Itay Marienberg-Milikowsky (Ben Gurion University of the Negev, Israel)

The flourishing of digital humanities in the last two decades has led not only to a change in research methods and theoretical thinking, but also to the emergence of new institutional frameworks, such as laboratories, to aid activity in the relatively new discipline. However, what is the purpose of a laboratory engaged in computational research in the humanities? Why is it necessary? Is this just an attractive title that allows universities to be proud of winds of change and up-to-datedness, or is there something beyond that? Obviously, these questions may have varied answers in different places, times and institutions. As researchers have already shown, digital humanities laboratories are indeed characterized by a multiplicity of different models.

Based on the biologist Uri Alon’s description of the ideal laboratory, and the theory of the trickster as a cross-border liminal figure in literature and culture, this very short presentation seek to outline and illustrate a model for a nurturing digital humanities lab: a laboratory built from the outset in a way that helps us conceptually and mentally – not less than practically to deal with the challenges that distinguish this unique interdisciplinary field; a field which requires us very often to move freely, like tricksters, between spaces, in a way that emphasises such challenges and makes them visible, instead of taking them for granted.

The Lab as Lifeworld: DH Laboratories as Techno-Humanistic Experiments

James Smithies (King’s College London, UK)

King’s Digital Lab (KDL) was established in late 2015. At the time, Digital Humanities (DH) was conceived by commentators as (variously) either a brave intervention into traditional scholarship and the emerging political and intellectual discourse of early twenty-first century capitalism or a naïve capitulation to the logic of markets and hyper-rationalism. DH laboratories have an uneasy relationship to this wider debate: they are surely arch symbols of the ideological, practical, financial, and intellectual choices made by universities and cultural heritage institutions investing in them. To invest time and money in a laboratory, whether virtual or physical, is a demonstration of institutional purpose and strategic intent.

It would be intellectually moribund to leave analysis there, however. Donald Ihde’s notion of the lifeworld suggests that any coherent and sustainable economic model for DH laboratories need to be informed by critical and phenomenological analysis, to understand the nature of the thing-itself before extrapolating operational and administrative support mechanisms. The goal must be to consciously attend to and then move beyond the hyper-rational ideologies that Silicon Valley promulgates, towards a more mature scholarly model where technology is socialized and fully integrated into the value system of the Arts & Humanities and wider university and cultural heritage sectors.

This has implications well beyond the digital humanities community: if implemented the realisation of lab-as-lifeworld, conceptualised in technical but also political and socio-economic terms, could inform an operationalised phenomenology of technology relevant to society as a whole. Building on this vision, the next phase in the articulation of DH laboratory models may well support national, trans-national, and even global aspirations.

More Than a Lab: Infra-structuring the Humanities in the Digital Studio

Tyne Daile Sumner (University of Melbourne, Australia)

This presentation canvasses three interrelated components of Humanities research practice that (re)define infrastructure in the context of the Digital Studio at the University of Melbourne: a practice-based epistemology manifested through critical assemblages of resources, architecturally inflected interdisciplinarity organised around transparency and fluidity, and a connected intelligence approach to empowering sustainable inter-institutional knowledge creation. It considers the role of experimentation, and the alliances that are formed in the process of proto-typing as the epistemic conditions for research in the twenty-first century humanities. It also considers an ethics of durability and flexibility of digital research labs over the past 18 months, in which Universities have experienced what might be called ‘the infrastructural swerve.’ In this unprecedented reformulation of many labs, researchers, teachers, and students have been dispersed and disconnected, throwing into question our reliance on physical space and resources. Finally, the presentation considers the philosophy of place as a constitutive element of the future digital humanities lab. Specifically, place as unique to the human perspective and the values, meaning and diverse cognitive systems that researchers bring to place.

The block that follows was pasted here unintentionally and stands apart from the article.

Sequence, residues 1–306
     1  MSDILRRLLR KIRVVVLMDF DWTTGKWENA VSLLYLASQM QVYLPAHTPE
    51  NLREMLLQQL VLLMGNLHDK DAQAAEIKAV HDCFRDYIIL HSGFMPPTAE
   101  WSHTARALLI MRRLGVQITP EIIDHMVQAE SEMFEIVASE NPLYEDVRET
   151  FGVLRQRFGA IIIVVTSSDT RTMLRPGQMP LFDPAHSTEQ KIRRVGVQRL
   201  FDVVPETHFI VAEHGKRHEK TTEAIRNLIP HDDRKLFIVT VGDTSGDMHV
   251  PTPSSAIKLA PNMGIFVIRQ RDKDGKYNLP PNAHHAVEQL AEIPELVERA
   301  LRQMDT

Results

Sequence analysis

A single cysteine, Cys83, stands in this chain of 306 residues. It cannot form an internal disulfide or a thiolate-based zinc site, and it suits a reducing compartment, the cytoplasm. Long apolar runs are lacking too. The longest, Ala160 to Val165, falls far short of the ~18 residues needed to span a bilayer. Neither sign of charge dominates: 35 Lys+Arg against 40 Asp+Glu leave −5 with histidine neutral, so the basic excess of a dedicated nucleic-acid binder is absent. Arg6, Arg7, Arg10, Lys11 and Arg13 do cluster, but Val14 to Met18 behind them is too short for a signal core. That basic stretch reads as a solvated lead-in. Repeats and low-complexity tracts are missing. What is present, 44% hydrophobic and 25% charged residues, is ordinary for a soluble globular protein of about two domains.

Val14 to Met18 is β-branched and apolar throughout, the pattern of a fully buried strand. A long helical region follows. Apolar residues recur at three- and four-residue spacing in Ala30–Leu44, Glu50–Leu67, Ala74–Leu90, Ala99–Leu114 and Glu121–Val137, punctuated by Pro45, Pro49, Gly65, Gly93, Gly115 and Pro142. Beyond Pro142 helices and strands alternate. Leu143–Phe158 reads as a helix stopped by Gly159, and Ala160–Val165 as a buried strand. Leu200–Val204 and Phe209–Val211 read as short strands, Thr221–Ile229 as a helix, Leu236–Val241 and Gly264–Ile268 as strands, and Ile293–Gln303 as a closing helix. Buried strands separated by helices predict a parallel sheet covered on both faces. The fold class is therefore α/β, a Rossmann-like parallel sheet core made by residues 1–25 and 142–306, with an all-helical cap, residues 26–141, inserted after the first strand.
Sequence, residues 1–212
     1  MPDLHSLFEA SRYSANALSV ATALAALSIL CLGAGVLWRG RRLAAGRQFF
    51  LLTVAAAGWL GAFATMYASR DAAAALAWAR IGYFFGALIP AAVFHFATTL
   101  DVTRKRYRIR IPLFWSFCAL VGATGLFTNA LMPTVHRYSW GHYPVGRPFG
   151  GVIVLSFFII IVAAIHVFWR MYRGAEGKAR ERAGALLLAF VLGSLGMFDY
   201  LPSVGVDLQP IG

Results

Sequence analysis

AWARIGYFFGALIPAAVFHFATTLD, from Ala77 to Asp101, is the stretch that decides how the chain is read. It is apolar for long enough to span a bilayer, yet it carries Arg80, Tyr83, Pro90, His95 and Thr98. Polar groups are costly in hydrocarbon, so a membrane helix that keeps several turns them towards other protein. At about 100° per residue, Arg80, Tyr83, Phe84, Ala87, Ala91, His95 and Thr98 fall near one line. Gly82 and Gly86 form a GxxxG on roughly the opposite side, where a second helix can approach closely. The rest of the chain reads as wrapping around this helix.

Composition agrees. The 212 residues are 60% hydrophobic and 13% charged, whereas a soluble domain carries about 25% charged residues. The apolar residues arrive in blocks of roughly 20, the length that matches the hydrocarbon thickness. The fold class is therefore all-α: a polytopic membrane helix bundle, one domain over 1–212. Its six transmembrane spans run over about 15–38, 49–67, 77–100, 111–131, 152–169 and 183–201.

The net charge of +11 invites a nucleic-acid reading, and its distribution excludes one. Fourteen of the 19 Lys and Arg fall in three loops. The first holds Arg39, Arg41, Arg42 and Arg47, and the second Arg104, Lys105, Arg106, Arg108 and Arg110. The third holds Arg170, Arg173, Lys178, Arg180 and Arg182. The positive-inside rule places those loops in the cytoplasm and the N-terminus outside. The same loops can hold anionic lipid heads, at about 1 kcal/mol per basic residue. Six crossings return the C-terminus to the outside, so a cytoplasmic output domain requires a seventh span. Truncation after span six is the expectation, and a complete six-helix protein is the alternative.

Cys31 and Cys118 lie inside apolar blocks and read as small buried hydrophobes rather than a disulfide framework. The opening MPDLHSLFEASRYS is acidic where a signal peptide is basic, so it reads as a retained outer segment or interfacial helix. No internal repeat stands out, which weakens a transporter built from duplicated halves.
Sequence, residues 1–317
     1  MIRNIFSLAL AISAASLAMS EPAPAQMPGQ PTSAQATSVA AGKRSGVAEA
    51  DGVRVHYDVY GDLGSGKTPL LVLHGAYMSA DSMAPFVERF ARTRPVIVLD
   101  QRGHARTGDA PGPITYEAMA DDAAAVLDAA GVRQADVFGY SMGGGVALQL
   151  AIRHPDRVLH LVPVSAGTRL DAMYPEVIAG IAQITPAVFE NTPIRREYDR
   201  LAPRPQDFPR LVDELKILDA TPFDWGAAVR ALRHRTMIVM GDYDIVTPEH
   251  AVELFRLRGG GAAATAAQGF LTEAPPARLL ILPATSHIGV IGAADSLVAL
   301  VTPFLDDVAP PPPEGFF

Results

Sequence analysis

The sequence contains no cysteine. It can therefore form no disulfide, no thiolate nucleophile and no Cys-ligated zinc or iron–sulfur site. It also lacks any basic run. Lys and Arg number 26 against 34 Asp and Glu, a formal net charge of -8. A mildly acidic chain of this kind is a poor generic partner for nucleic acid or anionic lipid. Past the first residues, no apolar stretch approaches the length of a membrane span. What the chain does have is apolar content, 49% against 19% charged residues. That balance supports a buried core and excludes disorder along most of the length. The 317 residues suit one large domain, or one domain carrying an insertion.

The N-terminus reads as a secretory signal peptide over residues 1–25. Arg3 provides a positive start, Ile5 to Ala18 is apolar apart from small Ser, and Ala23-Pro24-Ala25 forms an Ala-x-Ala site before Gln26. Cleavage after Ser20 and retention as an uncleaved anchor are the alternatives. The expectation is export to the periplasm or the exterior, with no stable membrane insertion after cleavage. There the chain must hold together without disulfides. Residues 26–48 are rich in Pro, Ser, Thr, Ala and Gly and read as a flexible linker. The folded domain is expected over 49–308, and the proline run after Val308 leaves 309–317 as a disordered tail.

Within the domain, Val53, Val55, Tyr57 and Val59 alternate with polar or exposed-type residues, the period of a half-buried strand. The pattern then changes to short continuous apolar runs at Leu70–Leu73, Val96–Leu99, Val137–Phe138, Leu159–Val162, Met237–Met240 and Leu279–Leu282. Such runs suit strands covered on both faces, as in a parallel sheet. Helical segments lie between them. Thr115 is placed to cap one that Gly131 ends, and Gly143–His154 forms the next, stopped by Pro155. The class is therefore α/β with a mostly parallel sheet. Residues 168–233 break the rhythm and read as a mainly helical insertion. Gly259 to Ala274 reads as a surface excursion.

The Lives in the Scholars’ Lab: Values-Driven Digital Humanities”

Brandon Walsh (University of Virginia Library, US)

For more than thirteen years, the Scholars’ Lab has served as the University of Virginia Library’s community lab for the practice of experimental scholarship in all fields, informed by digital humanities, spatial technologies, & cultural heritage thinking. This presentation will argue that a lab’s success must be measured by the degree to which it advocates for the lives of those in its community. For the Scholars’ Lab, this advocacy takes the form of collectively authored documents that serve as the foundation for engaging in values-driven digital humanities work directed, in particular, to supporting the needs of students and early-career scholars. The talk will address the urgency of directing support to these under-resourced members of the community while also describing the challenges of constituting a community in this way.

In the “The Life of a Digital Humanities Lab,” the larger chapter from which this work originates, six leaders of very different DH labs around the United States synthesize key challenges and affordances common to the lab as a space, but also highlight divergences and particularities through focused case studies unique to our institutions. In particular, the chapter analyzes the infrastructural role of the DH space in terms of funding and sustainability, articulates common activities and approaches to labor, and reflects on the importance of diversity and equity in the DH lab.